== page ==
Briefly Noted [Full Text]
Ethics & International Affairs, Volume 24.4 (Winter 2010)
September 28, 2010
Bloodlands: Europe Between Hitler and Stalin, Timothy Snyder (New York: Basic Books, 2010), 544 pp., $29.95 cloth.
“When meaning is drawn from killing,” observes Timothy Snyder, “the risk is that more killing would bring more meaning.” Although Nazism and Stalinism are ostensibly separated by an ideological gulf, this brute fact binds the human nightmares unleashed by both. As Snyder notes, both Stalin and Hitler saw themselves as victims of an international conspiracy—for Stalin, the threat was capitalist encirclement and infiltration; for Hitler, it was the cosmic menace of the Jewish people—which thus justified the wanton slaughter of millions of innocent people according to a logic of self-defense. For both men, killing became self-justifying, leading to more murder, and more death.
For instance, Stalin’s decision to starve millions of peasants in Soviet Ukraine in 1932–1933 in order to export grain and thereby increase the Soviet Union’s foreign currency reserves was subsequently portrayed as evidence of the treason of the Ukrainian peasantry (to starve was to resist). When many of those Ukrainians who were “merely” sent to the Gulag for failing to meet their grain quotas were released in 1937–1938, Stalin saw their release as threatening—their time in the Gulag was evidence of their potential for future disloyalty—and subsequently ordered the murder of over 70,000 Ukrainian “kulaks” as part of the Great Terror. Neither solely a history of Nazi atrocities nor of Stalinist terror, Bloodlands examines the intersection of territory, ideology, and economy in the region of Eastern Europe and the western Soviet Union where fourteen million civilians and prisoners of war were killed by the two regimes between 1933 and 1945. The major contribution of this book is that it examines these atrocities as part of a continuum, refusing to compartmentalize the crimes of either regime, and in doing so it exposes the reader to the ebb and flow of mass murder within a relatively compact physical space. Where Soviet agents terrorized hundreds of thousands of Poles one year, the fires of the Nazi extermination camps burned the next.
Meticulously researched and ambitious in scope, Bloodlands provides an engrossing, if highly disturbing, account of some of the greatest evils of the twentieth century.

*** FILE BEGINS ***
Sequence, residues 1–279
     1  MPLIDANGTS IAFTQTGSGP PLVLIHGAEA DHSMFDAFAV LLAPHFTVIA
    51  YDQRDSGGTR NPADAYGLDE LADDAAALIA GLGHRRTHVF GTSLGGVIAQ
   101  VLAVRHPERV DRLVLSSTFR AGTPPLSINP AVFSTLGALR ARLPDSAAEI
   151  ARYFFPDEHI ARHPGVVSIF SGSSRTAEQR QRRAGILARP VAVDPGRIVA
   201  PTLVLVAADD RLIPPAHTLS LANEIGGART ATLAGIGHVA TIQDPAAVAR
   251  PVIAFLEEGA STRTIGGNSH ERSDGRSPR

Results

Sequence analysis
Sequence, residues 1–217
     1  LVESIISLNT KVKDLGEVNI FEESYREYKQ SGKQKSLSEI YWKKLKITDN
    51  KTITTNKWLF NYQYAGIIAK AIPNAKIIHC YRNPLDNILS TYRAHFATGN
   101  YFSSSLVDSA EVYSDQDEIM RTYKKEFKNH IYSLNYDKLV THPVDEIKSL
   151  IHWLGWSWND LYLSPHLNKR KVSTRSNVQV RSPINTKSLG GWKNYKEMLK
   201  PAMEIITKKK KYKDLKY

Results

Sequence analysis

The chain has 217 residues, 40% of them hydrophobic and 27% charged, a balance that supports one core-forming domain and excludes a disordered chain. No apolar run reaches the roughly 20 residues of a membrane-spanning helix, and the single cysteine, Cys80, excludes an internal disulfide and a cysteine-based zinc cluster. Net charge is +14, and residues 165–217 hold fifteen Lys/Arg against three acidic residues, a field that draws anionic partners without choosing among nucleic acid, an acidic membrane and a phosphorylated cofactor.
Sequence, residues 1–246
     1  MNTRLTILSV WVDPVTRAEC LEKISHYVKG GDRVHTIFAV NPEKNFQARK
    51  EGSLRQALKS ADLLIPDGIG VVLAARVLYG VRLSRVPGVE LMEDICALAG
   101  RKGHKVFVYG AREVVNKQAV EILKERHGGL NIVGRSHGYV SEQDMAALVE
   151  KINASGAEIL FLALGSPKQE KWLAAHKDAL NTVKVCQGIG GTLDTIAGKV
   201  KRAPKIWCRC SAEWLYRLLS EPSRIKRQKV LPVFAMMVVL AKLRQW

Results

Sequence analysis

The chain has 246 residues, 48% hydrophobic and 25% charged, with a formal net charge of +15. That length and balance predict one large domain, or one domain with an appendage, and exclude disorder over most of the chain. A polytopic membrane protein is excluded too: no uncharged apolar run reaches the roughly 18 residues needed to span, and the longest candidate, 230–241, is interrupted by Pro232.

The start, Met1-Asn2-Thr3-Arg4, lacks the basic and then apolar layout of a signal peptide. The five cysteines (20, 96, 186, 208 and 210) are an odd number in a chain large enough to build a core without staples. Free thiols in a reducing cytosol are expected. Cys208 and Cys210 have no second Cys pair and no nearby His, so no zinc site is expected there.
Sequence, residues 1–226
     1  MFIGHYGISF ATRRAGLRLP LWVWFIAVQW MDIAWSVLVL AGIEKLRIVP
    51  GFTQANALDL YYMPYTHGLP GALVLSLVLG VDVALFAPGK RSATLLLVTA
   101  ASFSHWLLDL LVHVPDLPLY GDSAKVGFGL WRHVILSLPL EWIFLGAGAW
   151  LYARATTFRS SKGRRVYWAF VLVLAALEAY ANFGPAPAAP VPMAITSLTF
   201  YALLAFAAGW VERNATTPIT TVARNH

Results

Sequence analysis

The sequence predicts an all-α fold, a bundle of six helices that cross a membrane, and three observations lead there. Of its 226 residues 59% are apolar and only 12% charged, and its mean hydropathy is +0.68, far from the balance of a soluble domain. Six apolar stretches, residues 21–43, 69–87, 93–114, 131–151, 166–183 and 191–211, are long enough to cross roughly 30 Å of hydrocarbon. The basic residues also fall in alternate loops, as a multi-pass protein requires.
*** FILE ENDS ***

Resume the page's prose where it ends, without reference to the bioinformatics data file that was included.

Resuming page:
How Enemies Become Friends: The Sources of Stable Peace, Charles A. Kupchan (Princeton: Princeton University Press, 2010), 448 pp., $29.95 cloth.
The transition from enmity to halting cooperation and, eventually, to lasting friendship between states begins, according to Charles Kupchan, “amid peril.” Faced with multiple strategic threats and a scarcity of the resources necessary to counter them, a state gambles on a unilateral offer of an outstretched hand to an adversary. If the offer is rebuffed, the parties return to geopolitical rivalry, which is, after all, the default setting of international relations. If, on the other hand, the offer is read as a genuine invitation to a handshake (rather than, say, a duplicitous scheme for delivering a sucker punch), the two countries can begin to move down the delicate path toward stable peace—the defining characteristic of which is the banishment of armed conflict from the tool kit of legitimate statecraft.
Loyalists to one or another school of international relations may chafe at this ambitious and conceptually diverse work of stable peace theory-building. Yet Kupchan—a professor of international relations at Georgetown and Senior Fellow at the Council on Foreign Relations—draws explicitly, and eclectically, from a variety of theoretical sources, and the result is an appropriately nuanced account of peacemaking that smartly frustrates traditional boundaries. Although the onset of stable peace is best described by realism, as is the pervasive nature of geopolitical competition in general, the fact that international anarchy can give way to “international society” at all, and that this process is nurtured by the institutionalization of rules and norms and a commitment to reciprocity, is well accounted for by liberal theory. Constructivist ideas about identity and the formation of cultural narratives, meanwhile, provide crucial sociological insights into the shift in political discourse that precipitates the consolidation of stable peace.
The bulk of the book is given over to some twenty case studies, dating from the thirteenth century on through to the present, and along the way Kupchan’s clear and studious analysis calls into question the supremacy of various theories of international relations. As such cases as the Concert of Europe or, more recently, the Association of Southeast Asian Nations demonstrate, non-democracies are in fact capable of making peace with their rivals. A regime’s behavior, Kupchan argues, indicates better than its type its potential as a partner for peace. Perhaps most counterintuitively, Kupchan finds that, prevailing wisdom to the contrary, political reconciliation must first clear the way for economic interdependence to have any meaningful effect on interstate relations. “Diplomacy,” stresses Kupchan, “not trade or investment, is the currency of peace.”